Wine, Graffitti & Chile

I guess you’re wondering how wine and graffiti go together in a blog post about Chile?  If you happen to travel to Santiago you will see that Chile is very proud of these two things, wine and public art.  South America is known for some of the finest Malbecs and Sauvignon Blanc in the world, and the street art is really popular all around the country.  Between the landscape and conditions that make Chile so good for winemaking and the vibrant colors and images of the graffiti, both of these things make Chile standout as a travel destination!

Elephant Mosiac Mural in Santiago
Elaborate Street Art in Santiago

For those of you who aren’t familiar with Malbec, it is a type of red wine.  Malbec is relatively new to the wine game, rising in popularity in the last 10 years or so.  According to a recent Vinepair article,  “Malbec was born in France where it was primarily used as a blending grape in the country’s famous Bordeaux blend.”

The Vinepair publication goes on to explain how the Malbec grape found its way to Argentina and Chile from France.  According to the article, ” In the mid-nineteenth century, a group of Argentine winemakers consulted a French agronomist Michel Pouget for his thoughts on a grape they should plant in order to improve the quality of the Argentine wine.  The grape that was recommended was Malbec!  The Argentines took vine cuttings from France and brought them back to Argentina.  In the hot high-altitude region the vines thrived.”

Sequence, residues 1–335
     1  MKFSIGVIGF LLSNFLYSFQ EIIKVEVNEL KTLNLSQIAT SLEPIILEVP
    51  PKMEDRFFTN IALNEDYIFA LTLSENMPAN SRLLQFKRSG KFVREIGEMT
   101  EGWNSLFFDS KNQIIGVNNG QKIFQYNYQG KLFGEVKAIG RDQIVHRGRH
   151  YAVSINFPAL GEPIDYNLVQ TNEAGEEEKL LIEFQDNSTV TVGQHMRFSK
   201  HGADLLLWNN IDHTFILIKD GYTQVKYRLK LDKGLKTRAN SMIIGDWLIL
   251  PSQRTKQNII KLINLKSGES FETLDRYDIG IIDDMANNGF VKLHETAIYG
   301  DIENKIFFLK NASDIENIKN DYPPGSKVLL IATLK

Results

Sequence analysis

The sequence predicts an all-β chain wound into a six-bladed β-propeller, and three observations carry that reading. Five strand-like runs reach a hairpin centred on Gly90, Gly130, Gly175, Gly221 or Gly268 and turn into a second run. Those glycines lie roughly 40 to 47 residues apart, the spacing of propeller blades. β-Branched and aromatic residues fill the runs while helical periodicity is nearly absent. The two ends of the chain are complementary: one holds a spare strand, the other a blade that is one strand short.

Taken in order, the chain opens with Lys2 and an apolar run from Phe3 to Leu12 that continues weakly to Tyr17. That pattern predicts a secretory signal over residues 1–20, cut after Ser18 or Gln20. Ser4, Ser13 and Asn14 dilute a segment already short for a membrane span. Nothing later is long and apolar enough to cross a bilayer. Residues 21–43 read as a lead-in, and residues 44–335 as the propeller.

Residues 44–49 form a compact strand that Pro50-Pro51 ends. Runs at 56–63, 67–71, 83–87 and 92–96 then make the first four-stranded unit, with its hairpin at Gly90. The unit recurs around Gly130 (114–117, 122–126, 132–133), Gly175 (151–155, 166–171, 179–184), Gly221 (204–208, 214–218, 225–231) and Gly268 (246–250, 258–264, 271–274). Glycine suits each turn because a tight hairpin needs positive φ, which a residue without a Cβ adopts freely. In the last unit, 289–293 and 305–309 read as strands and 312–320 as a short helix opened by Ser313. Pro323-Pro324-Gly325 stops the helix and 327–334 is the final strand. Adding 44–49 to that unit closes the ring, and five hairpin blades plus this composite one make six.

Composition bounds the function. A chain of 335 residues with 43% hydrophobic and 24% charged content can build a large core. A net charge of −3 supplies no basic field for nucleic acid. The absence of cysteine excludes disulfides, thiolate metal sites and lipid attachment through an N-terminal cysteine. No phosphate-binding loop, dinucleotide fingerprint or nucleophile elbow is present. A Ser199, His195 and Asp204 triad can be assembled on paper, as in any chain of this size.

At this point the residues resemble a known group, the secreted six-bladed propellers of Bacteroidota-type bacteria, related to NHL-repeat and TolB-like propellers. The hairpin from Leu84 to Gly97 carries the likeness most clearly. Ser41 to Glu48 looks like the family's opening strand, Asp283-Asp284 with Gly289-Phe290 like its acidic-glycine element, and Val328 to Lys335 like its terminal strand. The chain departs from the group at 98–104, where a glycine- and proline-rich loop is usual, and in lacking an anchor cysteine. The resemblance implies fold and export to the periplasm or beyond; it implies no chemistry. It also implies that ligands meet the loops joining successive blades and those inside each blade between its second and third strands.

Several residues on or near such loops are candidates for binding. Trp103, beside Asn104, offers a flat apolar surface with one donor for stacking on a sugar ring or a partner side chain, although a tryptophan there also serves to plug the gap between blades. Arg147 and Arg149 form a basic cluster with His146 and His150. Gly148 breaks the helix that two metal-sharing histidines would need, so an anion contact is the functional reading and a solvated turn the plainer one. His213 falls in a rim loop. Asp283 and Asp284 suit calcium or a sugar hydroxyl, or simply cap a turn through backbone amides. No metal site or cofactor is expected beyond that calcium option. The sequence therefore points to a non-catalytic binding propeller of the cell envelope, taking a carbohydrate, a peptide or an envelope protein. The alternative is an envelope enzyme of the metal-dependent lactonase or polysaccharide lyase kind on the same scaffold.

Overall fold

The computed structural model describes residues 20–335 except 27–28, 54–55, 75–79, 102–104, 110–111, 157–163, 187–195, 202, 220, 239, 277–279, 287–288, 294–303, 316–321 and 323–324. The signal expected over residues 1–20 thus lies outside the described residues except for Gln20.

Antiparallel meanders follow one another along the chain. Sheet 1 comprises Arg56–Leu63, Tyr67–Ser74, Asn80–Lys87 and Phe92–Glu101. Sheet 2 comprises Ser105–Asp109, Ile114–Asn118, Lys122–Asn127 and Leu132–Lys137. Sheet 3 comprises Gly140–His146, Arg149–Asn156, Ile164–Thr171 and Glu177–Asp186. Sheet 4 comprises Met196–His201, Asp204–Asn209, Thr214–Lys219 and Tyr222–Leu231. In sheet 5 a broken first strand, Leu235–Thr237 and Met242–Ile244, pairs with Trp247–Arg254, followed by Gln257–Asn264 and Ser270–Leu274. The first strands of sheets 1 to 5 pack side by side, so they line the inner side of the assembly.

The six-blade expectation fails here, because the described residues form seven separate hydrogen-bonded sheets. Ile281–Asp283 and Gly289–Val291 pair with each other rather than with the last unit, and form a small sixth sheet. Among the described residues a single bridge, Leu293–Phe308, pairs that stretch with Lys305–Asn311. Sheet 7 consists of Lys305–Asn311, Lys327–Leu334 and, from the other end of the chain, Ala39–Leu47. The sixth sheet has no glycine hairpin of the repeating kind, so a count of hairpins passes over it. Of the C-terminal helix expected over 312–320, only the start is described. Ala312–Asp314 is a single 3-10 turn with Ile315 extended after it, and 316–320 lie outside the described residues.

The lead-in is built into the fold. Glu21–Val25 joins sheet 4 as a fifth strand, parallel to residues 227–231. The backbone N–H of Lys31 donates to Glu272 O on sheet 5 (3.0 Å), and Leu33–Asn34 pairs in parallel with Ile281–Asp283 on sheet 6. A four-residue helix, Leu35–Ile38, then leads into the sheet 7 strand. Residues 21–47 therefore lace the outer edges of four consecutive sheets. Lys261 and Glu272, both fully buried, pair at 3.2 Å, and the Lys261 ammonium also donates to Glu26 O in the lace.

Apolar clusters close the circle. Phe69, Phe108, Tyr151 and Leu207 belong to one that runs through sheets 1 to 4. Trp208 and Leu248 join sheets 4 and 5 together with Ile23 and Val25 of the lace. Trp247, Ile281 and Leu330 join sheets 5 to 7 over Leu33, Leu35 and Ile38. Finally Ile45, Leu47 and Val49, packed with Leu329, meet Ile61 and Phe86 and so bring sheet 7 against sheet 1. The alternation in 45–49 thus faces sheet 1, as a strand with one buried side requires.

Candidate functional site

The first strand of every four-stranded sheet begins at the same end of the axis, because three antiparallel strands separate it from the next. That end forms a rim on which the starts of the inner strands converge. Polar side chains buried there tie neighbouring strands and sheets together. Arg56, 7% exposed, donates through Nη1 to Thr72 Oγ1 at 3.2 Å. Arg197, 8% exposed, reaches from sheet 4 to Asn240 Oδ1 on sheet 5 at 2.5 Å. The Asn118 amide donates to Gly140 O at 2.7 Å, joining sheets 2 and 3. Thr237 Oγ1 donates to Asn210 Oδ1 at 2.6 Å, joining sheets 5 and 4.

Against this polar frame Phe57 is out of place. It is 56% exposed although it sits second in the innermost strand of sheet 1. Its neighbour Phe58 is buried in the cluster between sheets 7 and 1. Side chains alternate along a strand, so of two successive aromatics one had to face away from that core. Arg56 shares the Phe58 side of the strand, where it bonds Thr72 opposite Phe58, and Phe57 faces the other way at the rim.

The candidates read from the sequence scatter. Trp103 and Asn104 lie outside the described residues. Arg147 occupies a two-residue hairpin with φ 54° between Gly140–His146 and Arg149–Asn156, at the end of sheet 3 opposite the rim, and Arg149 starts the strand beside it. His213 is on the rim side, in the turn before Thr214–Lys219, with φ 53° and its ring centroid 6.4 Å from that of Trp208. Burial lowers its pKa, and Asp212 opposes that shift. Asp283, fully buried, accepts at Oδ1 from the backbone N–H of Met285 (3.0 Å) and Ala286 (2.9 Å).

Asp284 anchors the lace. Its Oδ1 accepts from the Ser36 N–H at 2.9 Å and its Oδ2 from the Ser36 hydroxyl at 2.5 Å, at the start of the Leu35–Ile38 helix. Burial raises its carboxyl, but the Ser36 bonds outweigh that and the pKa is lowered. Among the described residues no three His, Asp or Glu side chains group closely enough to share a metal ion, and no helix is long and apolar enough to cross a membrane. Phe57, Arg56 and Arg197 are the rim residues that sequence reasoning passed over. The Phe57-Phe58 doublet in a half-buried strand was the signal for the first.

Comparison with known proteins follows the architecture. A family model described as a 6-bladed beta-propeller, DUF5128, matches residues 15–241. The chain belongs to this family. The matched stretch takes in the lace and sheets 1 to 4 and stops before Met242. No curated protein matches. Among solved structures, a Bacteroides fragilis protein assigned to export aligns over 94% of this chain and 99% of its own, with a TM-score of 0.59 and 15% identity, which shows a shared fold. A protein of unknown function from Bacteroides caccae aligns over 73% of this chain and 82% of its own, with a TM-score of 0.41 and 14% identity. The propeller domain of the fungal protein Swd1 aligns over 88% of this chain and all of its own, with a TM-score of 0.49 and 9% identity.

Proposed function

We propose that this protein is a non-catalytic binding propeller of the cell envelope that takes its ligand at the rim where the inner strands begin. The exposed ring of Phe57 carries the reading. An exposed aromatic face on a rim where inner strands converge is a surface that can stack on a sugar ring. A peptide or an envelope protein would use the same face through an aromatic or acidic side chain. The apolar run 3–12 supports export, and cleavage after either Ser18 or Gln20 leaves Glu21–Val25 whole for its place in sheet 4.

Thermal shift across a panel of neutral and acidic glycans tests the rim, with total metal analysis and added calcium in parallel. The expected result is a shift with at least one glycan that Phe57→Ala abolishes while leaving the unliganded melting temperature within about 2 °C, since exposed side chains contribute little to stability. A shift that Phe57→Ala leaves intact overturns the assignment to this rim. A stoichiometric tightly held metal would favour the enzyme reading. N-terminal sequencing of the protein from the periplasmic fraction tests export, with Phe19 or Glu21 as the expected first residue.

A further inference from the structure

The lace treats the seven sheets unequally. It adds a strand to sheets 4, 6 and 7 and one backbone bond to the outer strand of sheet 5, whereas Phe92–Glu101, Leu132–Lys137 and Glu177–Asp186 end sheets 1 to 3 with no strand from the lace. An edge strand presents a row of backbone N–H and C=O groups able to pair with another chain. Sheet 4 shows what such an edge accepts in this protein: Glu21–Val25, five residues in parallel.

Veramonte Wine Tasting
Check out the legs of the red wine!

Sauvignon Blanc (my favorite wine!) is also grown in Chile.  Much like the Malbec grape, the Sauvignon Blanc grape also originated from the Bordeaux region of France.  According to an article from the Chicago Tribune, “Sauvignon blanc is the second-most-planted wine grape in Chile.  Sauvignon blanc has vied with chardonnay as the country’s premier white wine variety.”

Chile is right next door to Argentina and it has much of the same climate and altitude, so it makes sense that Chile would also be a great place for malbec and sauvignon blanc grapes!

While I was in Chile I visited an organic vineyard on the outskirts of Santiago.  The vineyard was located in a town called Casablanca.  How fun is that!

Veramonte Winery in Casablanca Chile
When you travel to Chile you should definitely visit a winery!